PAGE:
The number of agencies is steadily increasing. At the end of 2014, there were 7950 travel agencies including branch offices in nearly all of the Turkish cities (TURSAB 2015b). However, majority of the agencies are located in two or three major cities of mass tourism. 

Turkish travel agencies need a modern management system emphasizing global market expansion and global administration, specialization, convergence, a qualified work force, renewal, research and development and sustainability. 

Furthermore, the very existence of tourism facilities with hotels, lodges bungalows and restaurants do not mean that they are engaging in ecotourism or nature-based tourism. Fencing a large area of land on top of a mountain, organizing tours and daily excursions to remote and natural areas are not sufficient condition for an activity to be called ecotourism. Although, travel agencies have expanded their operations to the rural and natural areas since the expansion of ecotourism, it is rather doubtful if any or some of their operations are eligible to be called ecotourism. Widespread environmental interest has encouraged use of ecotourism as a marketing gimmick to give businesses a green edge on the competition. Misleading advertisements and engaging in marketing activities using names and symbols that provide false images such as “nature with its best”, eco-paradise”, “eco adventure” ,“sole ecofeeling”, “adventure experience.” Promotional activites add “eco” label in front of everything, such as Eco-Rent-A-Car, Eco Taxi, Eco Cinema and Eko Otopark (Erdoğan 2012). Content of Web pages of tourism agencies in Turkey indicate general lack of interest and sensitivity to environment beyond some catchy words. (Erdoğan 2012). 

The natures of daily practices from production to consumption create and sustain certain human and environmental conditions that form the prevailing character of human and environmental conditions. The dominant mode of doing business combined with the lack of environmental consideration, improper facility planning, organization, management and unwanted negative impacts on flora and fauna make it very difficult to have the kind of “ecotourism” that is depicted by the promoters. Regarding general nature of the travel agencies, very few Turkish travel agencies have environmentally oriented structural characteristics. It means that Turkish agencies are in need of structural adjustment to the new tourism environment based on sustainability. 

Local destinations: Mystified, Packaged and Sold 

Local destinations in ecotourism refer to (a) places that ecotourists visit; (b) places that various kinds of businesses use to make money; (c) places that indigenous people live, (d) places of fauna and flora, (e) local material, immaterial human resources that are used for enjoyment by ecotourists and consumed for extraction of profits by businesses. The ecotourism destinations include rich variety of places such as community with its historical life style, national park, pastoral or protected area, mountain, lake or a river. 

Ecotourism for enjoyment and profit from local areas

The evaluations of local destination and impacts of practices of ecotourism establishments on local destinations significantly vary according to the theoretical approach, knowledge and vested interests. That is why, according to some studies in Turkey and other countries, ecotourism generates local jobs via tourism services such as various kinds of restaurants, souvenir shops, eco hotels, eco-lodges, campsites, bungalows, chalets, pensions, cave hotels, guesthouses, homestay accommodations, transport and guiding services. Thus, it provides new sources of income, engenders local empowerment, inculcates a sense of community ownership, local development and new local business opportunities (IUCN 2012, Stronza 2007, Mustika et al. 2012, Reimer and Walter 2013, Seetanah 2011, Nyuapane and Poudel 2011, Jalani 2012). On the other hand, alternative/critical studies focus on the issues such as disruption of local livelihood, external interference in local historical development, economic exploitation of destination, land-grabbing, lost of land, Physical displacement, exacerbation of poverty, causing interior-migration, cultural degeneration, cultural hybridity and cultural annihilation, impacts on flora and fauna, habitat destruction, environmental degradation.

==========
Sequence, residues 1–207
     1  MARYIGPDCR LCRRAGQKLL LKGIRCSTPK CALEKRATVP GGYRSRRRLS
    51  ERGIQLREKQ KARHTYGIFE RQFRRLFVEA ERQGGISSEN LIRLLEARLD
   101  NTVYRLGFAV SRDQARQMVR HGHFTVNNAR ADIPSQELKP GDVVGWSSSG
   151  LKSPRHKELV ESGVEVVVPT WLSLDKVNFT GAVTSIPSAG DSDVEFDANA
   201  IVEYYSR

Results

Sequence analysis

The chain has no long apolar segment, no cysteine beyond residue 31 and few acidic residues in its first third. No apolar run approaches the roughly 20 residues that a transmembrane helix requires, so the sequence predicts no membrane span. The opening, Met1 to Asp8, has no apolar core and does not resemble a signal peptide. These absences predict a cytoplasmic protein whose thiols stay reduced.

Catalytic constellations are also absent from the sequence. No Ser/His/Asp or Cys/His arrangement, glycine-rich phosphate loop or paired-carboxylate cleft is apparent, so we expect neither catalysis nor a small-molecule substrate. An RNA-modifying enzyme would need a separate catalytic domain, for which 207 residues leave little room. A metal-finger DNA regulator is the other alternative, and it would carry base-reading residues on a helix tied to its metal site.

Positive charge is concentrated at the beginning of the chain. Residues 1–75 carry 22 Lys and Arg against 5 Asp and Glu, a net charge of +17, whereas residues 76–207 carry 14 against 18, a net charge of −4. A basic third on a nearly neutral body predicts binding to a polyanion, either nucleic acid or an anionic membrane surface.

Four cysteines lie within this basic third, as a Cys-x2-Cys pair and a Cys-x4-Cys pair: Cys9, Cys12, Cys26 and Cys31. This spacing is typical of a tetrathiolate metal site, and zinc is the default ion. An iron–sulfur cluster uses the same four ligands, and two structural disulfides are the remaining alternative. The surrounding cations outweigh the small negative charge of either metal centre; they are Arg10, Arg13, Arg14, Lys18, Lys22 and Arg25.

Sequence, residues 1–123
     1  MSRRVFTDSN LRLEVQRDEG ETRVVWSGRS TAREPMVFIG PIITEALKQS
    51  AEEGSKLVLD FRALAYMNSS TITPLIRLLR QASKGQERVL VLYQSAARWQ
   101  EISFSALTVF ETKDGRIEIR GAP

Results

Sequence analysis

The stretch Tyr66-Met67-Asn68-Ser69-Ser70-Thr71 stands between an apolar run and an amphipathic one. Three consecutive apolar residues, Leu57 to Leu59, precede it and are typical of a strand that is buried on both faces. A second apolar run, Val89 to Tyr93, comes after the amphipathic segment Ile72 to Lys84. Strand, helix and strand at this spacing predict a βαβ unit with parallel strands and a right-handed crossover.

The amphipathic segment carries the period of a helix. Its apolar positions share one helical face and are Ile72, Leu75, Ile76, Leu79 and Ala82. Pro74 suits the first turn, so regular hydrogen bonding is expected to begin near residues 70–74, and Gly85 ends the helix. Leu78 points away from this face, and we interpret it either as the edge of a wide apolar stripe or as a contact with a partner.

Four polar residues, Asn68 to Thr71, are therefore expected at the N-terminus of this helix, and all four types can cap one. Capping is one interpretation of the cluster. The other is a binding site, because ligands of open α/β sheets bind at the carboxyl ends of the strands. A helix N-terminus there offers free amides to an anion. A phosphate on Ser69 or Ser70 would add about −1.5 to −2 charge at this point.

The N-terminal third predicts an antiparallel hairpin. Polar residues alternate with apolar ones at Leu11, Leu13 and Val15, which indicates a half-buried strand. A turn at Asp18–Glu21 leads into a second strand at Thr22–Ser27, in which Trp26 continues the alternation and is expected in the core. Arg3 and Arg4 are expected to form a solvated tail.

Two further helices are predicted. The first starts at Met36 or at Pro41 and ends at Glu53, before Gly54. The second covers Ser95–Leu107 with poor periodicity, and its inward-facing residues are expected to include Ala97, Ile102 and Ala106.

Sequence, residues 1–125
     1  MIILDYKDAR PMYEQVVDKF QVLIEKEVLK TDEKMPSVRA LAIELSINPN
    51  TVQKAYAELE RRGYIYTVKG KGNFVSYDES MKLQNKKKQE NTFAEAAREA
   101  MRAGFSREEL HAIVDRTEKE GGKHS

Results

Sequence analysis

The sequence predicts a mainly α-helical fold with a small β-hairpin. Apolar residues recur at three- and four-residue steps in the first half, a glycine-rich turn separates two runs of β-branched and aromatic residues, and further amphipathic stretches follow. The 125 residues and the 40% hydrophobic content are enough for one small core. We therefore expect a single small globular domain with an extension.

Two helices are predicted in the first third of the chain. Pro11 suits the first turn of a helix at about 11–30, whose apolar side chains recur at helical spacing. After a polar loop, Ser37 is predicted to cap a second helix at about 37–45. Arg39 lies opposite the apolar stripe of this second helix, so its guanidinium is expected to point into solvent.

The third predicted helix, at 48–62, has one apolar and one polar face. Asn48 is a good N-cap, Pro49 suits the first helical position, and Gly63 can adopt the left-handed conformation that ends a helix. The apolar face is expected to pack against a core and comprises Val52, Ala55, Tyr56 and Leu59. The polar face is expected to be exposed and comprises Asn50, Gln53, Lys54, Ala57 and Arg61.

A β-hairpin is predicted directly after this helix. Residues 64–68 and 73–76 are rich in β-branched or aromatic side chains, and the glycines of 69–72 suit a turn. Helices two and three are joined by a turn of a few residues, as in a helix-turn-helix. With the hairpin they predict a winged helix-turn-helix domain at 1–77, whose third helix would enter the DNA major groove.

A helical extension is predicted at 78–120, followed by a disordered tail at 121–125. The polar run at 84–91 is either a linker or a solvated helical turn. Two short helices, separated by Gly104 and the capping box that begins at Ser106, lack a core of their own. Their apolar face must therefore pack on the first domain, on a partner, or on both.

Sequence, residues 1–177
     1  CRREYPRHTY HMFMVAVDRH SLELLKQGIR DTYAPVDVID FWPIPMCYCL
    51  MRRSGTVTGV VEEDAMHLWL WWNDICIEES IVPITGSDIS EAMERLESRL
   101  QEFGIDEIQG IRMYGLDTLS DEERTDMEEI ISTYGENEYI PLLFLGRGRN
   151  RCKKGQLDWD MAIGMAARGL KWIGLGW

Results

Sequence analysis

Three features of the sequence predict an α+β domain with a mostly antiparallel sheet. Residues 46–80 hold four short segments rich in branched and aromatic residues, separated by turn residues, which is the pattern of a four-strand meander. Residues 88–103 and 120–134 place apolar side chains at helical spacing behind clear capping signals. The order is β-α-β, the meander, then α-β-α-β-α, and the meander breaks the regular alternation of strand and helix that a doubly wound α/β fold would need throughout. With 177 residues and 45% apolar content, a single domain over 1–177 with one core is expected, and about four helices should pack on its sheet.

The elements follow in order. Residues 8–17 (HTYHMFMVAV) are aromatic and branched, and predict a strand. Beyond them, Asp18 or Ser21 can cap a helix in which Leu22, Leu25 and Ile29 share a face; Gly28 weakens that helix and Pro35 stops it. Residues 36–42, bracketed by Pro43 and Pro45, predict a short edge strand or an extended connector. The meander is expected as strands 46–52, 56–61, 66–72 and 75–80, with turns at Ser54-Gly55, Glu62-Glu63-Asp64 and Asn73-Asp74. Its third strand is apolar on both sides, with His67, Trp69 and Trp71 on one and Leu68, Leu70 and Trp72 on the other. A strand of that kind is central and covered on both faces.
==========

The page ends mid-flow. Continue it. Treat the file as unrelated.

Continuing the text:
The basic question here is whether or not ecotourism activities compromise local life, culture and environmental quality for the sake of vested interests of certain industries that are presented as, e.g., national economic prosperity by the governing power structures and relations. That is why the fate of destination depends on the outside interests and policies. The idea of empowerment of local population is forged explanation that disguises the control of outside forces. What remains for local people is to participate, remain silent or take a risk and show some opposition that faces with the forces of law and order. 

In Turkey, too, the development of ecotourism has led to the expectation that local handicrafts, agriculture and services can gain momentum. However, all success stories in Turkey or elsewhere are the success stories of ecotourism investors and service providers, not the success stories of local community in general. Furthermore, explaining success with level of total revenues misleads us, because the important point is not the total gain, but the nature of the distribution of total wealth gained via ecotourism. Success studies in Turkey and elsewhere treat the existence of few local enterprises and “better than nothing employment and income level” as the indicator of local economic development, while ignoring the negatively changing condition of vast majority of local people brought by arrival of ecotourism/tourism. Activities related with land value, capital formation and use of land in local areas in Turkey, unfortunately, present a highly distorted power and interest relations that work against the large majority of people, because of, e.g., land speculations and appropriations by the powerful centers.